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This Thursday, Dec. 29, 2016 photo shows an Israeli Air Force F-15 plane in flight during a graduation ceremony for new pilots in the Hatzerim air force base near the city of Beersheba, Israel. Anti-aircraft missiles were launched from Syria into Israeli-controlled territory early on Friday, following a series of Israeli airstrikes inside Syria, the Israeli military said. The military said its warplanes struck several targets in Syria and were back in Israeli-controlled airspace when several anti-aircraft missiles were launched from Syria toward the Israeli jets. (AP Photo/Ariel Schalit)
The late USAF Colonel John Boyd was a controversial figure in the Air Force. People loved him or hated him. No body heard his name and shrugged and said “meh, whatever.” He revolutionized the way that the Air Force looked a aerial warfare but his major contribution outside the very narrow milieu of fighter aircraft operations is what is known as the OODA Loop. OODA, short for observation, orientation, decision and action. This is basically what he means. You have to collect data by some sensory means (observation). Then you have to convert that data that is something meaningful in the context of what is happening. With that analysis/synthesis complete, you have to determine a course of action that you can carry out. And you have to act. Most organizations are pretty good at the first O. The second O may or may not happen because of personalities or biases. The D may never happen. Your chances of the A taking place are much less than being hit by lightning. The larger and more complex the organization is, the more likely it is to get bogged down while the people in charge of the second O demand more of the people doing the first O. This is what my wife the mechanical engineer calls “analysis paralysis.” The main idea is that the person or organization that can work its way through the OODA loop fastest can create a situation where your opponent is reacting to what you already did while you are able to anticipate your opponent’s future courses of action because you are limiting them by your current actions.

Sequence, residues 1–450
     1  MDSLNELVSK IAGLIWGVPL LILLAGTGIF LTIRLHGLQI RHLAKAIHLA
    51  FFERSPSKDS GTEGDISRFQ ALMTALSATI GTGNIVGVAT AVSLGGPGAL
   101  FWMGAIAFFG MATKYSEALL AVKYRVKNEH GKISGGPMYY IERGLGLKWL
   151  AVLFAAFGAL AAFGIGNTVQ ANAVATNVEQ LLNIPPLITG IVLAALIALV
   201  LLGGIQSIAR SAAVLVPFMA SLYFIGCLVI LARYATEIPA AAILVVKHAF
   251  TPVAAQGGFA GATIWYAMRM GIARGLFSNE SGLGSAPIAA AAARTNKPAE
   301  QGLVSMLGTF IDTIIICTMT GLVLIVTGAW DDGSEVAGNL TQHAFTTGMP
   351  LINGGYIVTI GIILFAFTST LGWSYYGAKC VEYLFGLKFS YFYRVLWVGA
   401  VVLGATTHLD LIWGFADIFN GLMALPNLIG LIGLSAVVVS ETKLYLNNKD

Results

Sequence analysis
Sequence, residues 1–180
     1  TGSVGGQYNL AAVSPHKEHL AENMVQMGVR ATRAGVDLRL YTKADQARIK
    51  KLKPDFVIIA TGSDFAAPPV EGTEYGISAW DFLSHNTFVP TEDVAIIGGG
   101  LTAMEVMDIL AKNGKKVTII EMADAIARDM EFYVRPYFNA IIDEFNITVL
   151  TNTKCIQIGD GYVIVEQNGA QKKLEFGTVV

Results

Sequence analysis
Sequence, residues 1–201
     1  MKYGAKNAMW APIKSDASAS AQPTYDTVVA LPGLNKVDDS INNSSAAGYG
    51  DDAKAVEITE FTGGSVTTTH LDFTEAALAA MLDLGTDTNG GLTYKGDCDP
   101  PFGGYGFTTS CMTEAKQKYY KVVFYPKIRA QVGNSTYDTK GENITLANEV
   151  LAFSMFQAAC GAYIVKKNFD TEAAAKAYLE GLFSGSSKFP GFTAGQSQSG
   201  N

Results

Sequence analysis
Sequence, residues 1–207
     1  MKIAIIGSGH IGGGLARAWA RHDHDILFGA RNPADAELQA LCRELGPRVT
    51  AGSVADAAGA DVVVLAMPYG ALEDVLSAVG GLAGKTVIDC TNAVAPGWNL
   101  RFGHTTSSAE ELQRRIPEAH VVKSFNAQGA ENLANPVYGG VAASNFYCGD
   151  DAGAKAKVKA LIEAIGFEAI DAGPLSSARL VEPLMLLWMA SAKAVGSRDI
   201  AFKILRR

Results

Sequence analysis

Right now, the Democrats are trying to screw up enough courage to undertake an impeachment hearing for President Trump. I say trying because there are a lot of egos involved and the 2020 election looms large. They are concerned about what their rabid frothing base does if they don’t impeach. They are concerned about what sane voters do if they insist on impeachment. Right now they are in sensory overload on the first O of the process. Not so with the Trump White House.